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College classrooms are still chilly for women, as men speak more, study finds: Gendered participation has a long way to go to reach equity -- ScienceDaily

Men speak 1.6 times more often than women in college classrooms, revealing how gender inequities regarding classroom participation still exist, according to a Dartmouth study. By comparison, women are more hesitant to speak and are more apt to use apologetic language. The findings are published in Gender & Society. When students didn't have to raise their hands to participate in class, men spoke three times more often than women. "You would think that it would be more equitable for students to not have to raise their hands to speak in class because then anyone could talk but our results showed otherwise. The higher level of participation relates to the idea of who may have felt like they were entitled to speak or had permission to do so," explains Janice McCabe, an associate professor of sociology at Dartmouth College. "Once you take away the structure of a professor calling on students, you see more of the cultural expectations that people may have, and the gender hierarchies present in the college classroom today."

Rural areas lag in degree attainment while urban areas feature big racial gaps

Fully 84 percent of the counties in the bottom 10 percent on degree attainment rates are mostly or completely rural, the group found. And just 16 percent of the counties in the top 10 percent are rural. Counties with low attainment rates are most heavily concentrated in the South, running from the borders of Oklahoma and Texas to the Atlantic Ocean. Proximity to a college campus is a major driver of the rural attainment gap. Rural counties are home to 14 percent of the nation's campuses, the analysis found, even though these areas cover 97 percent of land area in the U.S.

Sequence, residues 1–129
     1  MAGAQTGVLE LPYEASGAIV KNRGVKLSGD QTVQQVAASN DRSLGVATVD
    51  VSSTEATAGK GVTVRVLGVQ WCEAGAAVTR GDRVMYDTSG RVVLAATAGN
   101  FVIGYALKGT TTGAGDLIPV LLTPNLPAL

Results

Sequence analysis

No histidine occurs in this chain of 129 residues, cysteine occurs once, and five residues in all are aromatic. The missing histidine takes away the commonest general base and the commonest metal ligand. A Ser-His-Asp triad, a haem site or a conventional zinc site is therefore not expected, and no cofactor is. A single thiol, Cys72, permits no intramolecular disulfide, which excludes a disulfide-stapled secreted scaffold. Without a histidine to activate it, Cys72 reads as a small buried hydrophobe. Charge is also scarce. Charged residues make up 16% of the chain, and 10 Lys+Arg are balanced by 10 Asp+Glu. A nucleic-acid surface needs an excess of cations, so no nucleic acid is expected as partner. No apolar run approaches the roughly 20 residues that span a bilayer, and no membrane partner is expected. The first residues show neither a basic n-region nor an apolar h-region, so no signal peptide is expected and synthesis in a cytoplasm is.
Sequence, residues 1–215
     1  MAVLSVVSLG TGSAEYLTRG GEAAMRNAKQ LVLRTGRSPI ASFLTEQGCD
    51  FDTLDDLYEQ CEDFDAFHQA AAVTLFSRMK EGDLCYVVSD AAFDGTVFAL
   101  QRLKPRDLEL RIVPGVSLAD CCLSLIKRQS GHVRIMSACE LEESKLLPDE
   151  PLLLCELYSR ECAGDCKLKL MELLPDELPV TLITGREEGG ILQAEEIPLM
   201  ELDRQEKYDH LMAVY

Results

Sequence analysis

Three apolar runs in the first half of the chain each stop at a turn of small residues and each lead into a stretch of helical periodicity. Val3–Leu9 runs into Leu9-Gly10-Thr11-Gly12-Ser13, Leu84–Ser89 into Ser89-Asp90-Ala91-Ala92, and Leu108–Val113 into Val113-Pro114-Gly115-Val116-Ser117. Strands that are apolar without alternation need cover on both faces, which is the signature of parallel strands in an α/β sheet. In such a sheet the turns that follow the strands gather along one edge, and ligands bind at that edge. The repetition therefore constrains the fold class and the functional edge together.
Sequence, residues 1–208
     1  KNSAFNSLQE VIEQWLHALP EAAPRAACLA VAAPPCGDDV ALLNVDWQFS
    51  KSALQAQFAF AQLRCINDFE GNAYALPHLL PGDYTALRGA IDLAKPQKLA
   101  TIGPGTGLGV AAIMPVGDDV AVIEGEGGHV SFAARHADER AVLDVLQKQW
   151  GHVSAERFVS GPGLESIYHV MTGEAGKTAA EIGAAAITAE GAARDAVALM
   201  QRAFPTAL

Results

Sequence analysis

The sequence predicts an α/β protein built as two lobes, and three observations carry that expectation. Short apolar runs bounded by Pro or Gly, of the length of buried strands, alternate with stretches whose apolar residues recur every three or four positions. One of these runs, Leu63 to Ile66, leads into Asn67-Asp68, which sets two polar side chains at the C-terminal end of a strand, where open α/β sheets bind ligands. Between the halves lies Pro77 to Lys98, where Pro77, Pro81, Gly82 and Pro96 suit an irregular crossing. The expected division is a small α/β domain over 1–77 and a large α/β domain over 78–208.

USDA ERS - Rural Education

While the overall educational attainment of people living in rural areas has increased markedly over time, the share of adults with at least a bachelor's degree is still higher in urban areas. In 1960, 60 percent of the rural population ages 25 and over had not completed high school; by 2018—58 years later—that dropped to 13 percent. Over the same period, the proportion of rural adults 25 and older with a bachelor's degree or higher increased from 5 percent to 20 percent; in urban areas, this proportion stood at 35 percent in 2018. The proportion of rural adults with a bachelor's degree or higher increased by 5 percentage points between 2000 and 2018, and the proportion without a high school degree or equivalent, such as a GED, declined by 11 percentage points.

The Place of College Grads in the Urban-Rural Divide - Bloomberg

While college grads make up 55 percent of the workforce in most leading urban counties (there is one urban county, Falls Church, Virginia, where the share of college grads is a staggering 80 percent), less than 10 percent of adults hold a college degree in the lowest-performing urban counties. By way of comparison, college grads make up a similar 55 percent in the leading rural counties and less than 5 percent or so in the lowest-performing rural counties.

Michigan College Will Digitally Track Students' Movements At All Times - Washington Free Beacon

"The school wants my daughter to sign a form consenting to specimen collection and lab testing," he told the Washington Free Beacon on condition of anonymity. "I have a ton of concern with that…. Why is the state of Michigan's contact tracing not enough?" Though students are required to remain on campus, professors and administrators are not. When asked about this potential loophole in its "COVID-bubble," the school declined to comment. Rising senior Andrew Arszulowicz said that he is upset with both the mandatory use of the app and the manner in which students are being treated. "I feel like I am being treated like a five-year-old that cannot be trusted to follow rules," Arszulowicz told the Free Beacon. "If the school believes masks work … why are we not allowed to leave if they work? It does not make sense to me."